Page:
Myrtle Beach changes regulations for food trucks in the city

MYRTLE BEACH, SC (WMBF) - The Myrtle Beach food truck ordinance was passed nearly four months ago, yet not one food truck has started operating inside the city limits.

That could soon change following a revision to the original plan on Tuesday.

According to the original food truck ordinance, each food truck must partner with a commercial kitchen that is within the city limits.

That single requirement was enough to keep food truck owners from crossing the city line because their commercial kitchen partnerships sat outside of Myrtle Beach, some less than a mile.

"To have to leave that just to go and work a couple miles down the road just didn't make any sense," Laura Favreau, owner of Charleston Flats, said.

Leslie O'Neill owns Be Well Meals and Juice Bar in Carolina Forest. She also owns her own commercial kitchen and food truck, but because her kitchen sits outside the city limits, she can't operate here in Myrtle Beach.

In her first month as Myrtle Beach mayor, Brenda Bethune and the city council removed that requirement, giving food truck operators the opportunity they've been waiting for.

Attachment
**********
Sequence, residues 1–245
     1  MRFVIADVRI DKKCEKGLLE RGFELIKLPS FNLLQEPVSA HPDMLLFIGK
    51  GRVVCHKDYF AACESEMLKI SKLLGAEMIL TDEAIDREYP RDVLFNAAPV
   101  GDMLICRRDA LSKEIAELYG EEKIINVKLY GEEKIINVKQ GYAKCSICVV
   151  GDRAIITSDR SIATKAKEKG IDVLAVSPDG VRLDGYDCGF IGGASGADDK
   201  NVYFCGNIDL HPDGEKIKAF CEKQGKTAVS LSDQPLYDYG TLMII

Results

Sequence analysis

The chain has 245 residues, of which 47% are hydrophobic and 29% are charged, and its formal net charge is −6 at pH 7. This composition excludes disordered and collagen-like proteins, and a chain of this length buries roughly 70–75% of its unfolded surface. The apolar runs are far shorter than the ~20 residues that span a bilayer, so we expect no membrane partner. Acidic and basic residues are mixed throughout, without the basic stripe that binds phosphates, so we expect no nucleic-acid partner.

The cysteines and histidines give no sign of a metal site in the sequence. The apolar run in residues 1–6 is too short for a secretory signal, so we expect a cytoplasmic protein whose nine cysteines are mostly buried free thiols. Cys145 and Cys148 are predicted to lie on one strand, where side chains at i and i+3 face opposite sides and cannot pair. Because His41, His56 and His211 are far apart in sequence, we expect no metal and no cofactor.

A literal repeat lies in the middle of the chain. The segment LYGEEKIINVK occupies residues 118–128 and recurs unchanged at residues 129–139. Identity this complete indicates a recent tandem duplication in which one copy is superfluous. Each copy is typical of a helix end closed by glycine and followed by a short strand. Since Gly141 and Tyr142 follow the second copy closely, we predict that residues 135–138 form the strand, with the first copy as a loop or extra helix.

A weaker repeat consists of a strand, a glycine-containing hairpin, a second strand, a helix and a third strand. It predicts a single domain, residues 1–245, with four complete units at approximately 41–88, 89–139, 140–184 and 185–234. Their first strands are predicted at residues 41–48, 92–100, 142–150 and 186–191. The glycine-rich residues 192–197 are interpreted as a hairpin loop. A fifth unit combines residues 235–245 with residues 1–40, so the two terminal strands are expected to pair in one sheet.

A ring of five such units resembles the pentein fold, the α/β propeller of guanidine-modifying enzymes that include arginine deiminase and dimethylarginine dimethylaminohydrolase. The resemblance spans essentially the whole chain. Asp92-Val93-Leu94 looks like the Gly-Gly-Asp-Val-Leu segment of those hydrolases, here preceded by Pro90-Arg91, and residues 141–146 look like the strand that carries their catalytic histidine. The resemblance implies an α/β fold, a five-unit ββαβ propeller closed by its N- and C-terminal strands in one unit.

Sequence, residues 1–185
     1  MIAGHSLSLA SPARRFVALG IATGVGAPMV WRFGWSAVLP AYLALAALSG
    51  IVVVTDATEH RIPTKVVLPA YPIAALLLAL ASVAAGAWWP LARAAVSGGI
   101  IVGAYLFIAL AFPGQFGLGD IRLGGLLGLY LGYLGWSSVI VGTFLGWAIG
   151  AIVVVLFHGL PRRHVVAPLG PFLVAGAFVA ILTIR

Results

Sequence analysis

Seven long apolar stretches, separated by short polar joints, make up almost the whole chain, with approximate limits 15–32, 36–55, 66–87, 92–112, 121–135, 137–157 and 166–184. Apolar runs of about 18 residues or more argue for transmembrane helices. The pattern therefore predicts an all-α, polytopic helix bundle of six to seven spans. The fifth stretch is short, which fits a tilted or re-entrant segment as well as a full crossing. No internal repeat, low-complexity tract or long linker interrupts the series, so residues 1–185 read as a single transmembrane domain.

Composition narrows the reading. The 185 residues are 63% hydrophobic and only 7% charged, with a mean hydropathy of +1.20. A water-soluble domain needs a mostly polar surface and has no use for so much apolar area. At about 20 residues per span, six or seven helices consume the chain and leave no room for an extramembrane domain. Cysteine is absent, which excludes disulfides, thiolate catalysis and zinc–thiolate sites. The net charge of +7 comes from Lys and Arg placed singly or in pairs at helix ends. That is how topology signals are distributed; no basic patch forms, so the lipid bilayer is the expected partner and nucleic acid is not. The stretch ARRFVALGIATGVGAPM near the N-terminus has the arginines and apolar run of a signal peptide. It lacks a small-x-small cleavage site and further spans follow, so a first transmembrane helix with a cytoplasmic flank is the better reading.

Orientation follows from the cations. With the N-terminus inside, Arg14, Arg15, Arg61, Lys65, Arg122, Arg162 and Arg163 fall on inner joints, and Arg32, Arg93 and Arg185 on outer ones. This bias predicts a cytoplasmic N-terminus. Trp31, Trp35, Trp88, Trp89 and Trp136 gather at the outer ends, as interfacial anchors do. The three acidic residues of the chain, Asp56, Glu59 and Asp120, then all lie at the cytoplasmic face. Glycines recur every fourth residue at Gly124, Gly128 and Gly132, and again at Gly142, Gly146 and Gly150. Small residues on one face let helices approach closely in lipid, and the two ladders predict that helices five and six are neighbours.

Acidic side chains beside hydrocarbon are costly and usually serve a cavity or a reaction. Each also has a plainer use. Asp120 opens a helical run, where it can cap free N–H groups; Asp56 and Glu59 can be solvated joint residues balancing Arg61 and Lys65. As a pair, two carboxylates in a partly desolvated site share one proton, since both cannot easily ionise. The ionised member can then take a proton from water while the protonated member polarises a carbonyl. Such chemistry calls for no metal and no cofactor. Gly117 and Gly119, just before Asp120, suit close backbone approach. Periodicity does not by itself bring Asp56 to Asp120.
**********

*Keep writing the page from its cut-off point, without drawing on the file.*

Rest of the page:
"I think this is going be a great opportunity for food trucks to enter the city and show people what food we have and show the city that there is quality food coming out of these food trucks too," Drew Basilicato, owner of Trojan Cow, said.

"I think the food trucks will do very well and I think the city will do very well because now they're offering something that is competitive to other what other cities offer as well," O'Neill said.

Only six permits are available during this one-year trial period. The city has not made any other changes to the ordinance and are only allowing trucks to operate in designated locations.

Applications for permits can be found at the city service building on North Oak Street.

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